Bere Regis Village Website

The Ancient History of the Village...

The Neolithic Period  2500 BC (New Stone Age) - 1900 BC

TOWARDS 2500 BC less primitive people began arriving in southern England from Europe, and this heralded the beginning of the Neolithic or New Stone Age.
These immigrants were far more advanced than the Palaeolithic inhabitants already living here, for the newcomers practised a primitive form of agriculture, and brought with them domesticated livestock and seed.
Their stone implements, which included agricultural tools as well as weapons, were much more highly finished, being often ground and polished. These Neolithic people were also able to make pottery, and their way of life enabled them to live in more permanent settlements.

Some of the more noticeable remains of this period are the large burial mounds or long barrows.
There was until recently a very fine long barrow on Roke Down but it has now unfortunately been totally destroyed and ploughed over.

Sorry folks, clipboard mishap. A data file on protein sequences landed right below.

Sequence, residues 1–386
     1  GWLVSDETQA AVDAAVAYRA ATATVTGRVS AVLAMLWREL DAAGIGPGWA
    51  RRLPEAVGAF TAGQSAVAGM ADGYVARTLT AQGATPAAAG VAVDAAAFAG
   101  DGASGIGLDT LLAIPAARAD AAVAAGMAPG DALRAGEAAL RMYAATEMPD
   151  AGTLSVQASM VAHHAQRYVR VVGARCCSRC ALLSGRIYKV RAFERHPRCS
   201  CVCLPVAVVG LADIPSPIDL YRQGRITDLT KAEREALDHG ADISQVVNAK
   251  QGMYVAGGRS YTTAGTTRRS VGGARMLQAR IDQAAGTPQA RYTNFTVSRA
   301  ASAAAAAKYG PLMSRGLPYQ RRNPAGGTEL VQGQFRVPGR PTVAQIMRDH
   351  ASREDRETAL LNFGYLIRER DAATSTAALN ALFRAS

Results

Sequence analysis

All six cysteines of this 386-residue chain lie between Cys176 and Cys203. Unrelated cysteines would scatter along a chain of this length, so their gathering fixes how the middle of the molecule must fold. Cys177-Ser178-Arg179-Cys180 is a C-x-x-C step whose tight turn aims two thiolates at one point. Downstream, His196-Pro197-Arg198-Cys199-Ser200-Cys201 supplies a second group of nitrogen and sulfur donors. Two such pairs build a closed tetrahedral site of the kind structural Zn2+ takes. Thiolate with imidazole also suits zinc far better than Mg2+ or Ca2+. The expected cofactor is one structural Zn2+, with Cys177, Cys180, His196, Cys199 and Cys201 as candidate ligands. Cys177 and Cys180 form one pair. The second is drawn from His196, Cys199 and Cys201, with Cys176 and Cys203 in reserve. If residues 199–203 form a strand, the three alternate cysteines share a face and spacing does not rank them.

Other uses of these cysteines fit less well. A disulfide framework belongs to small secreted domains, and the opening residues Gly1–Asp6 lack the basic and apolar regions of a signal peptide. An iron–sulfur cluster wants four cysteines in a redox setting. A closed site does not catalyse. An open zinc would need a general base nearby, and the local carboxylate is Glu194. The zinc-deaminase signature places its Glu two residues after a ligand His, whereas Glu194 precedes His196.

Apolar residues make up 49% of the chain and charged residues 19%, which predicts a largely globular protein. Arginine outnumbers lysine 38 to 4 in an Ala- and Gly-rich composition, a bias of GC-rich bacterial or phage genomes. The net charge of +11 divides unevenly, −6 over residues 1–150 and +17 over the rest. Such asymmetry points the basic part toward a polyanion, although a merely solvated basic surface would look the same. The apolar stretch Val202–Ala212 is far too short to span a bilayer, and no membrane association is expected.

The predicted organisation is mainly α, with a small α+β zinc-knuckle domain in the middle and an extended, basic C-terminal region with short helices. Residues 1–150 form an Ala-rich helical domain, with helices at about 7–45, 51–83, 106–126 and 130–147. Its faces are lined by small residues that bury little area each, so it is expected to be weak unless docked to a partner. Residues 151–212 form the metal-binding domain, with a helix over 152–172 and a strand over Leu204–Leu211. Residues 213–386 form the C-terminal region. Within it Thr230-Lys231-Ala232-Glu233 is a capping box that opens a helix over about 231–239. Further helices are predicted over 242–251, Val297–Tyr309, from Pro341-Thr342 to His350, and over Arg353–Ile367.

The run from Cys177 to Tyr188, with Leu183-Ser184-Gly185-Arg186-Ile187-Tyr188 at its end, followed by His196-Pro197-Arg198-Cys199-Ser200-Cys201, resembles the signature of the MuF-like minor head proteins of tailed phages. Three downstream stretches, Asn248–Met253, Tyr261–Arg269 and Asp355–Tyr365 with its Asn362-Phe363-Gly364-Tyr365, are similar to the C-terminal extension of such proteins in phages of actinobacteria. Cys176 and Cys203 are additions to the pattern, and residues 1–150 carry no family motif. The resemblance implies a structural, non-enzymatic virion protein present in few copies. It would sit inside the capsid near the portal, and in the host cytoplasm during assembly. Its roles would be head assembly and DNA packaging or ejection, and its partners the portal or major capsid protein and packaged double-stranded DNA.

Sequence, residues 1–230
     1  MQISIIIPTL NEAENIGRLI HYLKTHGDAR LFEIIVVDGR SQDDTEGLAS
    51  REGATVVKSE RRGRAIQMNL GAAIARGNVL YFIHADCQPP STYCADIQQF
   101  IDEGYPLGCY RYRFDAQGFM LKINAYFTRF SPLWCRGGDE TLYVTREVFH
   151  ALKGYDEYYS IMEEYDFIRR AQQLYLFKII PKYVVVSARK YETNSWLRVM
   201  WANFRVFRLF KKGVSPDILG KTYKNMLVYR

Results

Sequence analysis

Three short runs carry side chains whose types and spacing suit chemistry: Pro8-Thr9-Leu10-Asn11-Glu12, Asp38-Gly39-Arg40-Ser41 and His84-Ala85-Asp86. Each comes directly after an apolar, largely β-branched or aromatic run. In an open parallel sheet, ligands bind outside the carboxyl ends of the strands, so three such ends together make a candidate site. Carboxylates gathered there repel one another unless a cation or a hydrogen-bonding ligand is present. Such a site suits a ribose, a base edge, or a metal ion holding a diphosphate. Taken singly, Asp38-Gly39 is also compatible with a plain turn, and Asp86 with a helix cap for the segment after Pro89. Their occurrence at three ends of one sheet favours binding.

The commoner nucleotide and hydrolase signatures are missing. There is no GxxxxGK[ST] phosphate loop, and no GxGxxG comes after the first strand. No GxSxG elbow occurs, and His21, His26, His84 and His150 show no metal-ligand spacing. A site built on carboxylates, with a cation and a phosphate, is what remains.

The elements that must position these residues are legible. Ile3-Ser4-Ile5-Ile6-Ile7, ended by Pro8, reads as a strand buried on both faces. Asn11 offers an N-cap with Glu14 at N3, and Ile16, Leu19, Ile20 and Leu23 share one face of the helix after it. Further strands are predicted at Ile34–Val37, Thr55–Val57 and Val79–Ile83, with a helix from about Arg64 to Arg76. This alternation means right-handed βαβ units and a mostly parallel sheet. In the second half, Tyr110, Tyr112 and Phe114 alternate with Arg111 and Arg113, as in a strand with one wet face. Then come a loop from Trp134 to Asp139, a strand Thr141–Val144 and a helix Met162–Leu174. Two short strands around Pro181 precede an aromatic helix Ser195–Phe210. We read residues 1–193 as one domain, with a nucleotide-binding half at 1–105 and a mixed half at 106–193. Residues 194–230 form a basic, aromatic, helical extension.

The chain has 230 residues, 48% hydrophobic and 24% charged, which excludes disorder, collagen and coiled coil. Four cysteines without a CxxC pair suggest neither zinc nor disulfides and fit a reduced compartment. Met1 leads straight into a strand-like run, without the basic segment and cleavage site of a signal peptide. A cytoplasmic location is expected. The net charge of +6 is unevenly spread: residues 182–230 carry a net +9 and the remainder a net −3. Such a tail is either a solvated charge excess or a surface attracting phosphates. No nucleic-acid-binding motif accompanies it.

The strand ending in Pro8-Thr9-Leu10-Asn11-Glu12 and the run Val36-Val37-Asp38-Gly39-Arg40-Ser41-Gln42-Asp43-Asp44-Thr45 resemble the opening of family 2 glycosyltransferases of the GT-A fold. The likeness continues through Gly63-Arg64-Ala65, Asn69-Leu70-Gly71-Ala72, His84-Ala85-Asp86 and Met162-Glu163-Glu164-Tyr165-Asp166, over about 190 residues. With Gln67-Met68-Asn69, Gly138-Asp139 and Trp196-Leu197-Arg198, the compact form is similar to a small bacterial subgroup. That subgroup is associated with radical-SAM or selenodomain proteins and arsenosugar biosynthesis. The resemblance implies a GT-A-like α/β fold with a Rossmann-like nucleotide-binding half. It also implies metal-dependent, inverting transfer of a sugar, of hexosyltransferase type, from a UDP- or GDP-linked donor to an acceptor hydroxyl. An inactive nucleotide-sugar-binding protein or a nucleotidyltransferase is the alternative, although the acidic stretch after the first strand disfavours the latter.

You can see its location at point 1 in the drawing below.
It was formerly considered one of the best in Dorset, and of imposing dimensions, being 190 feet (57 metres) long, 40 feet (12 metres) wide, and an average of 8 feet (21 metres) high.
Another barrow, shown at point 2 on the drawing above, is designated a long barrow on current Ordnance maps, but its shape is indistinct, and it may be a round barrow of later date.
Three Neolithic axe heads are recorded as having been found in this parish.
The first was found at an unspecified spot in the river at Bere Regis in 1896, and is an axe head of green stone.
Look at the drawing of it below...
Owing to the comparative softness of the stone its original ground and polished surface has become extensively pitted by years of weathering.
The second, a polished flint axe head was found in about 1907 at Bere Heath Farm.
Look at the drawing of it below...
Being of hard flint, its original polished surface remains, but the butt end has at some time been broken.
The third axe head was found in about 1951 in a field near Philliols Farm, and is of flint, 5j in. (137 mm) long.
Its shape is very similar to that of later bronze axeheads indicating that it is of late Neolithic date.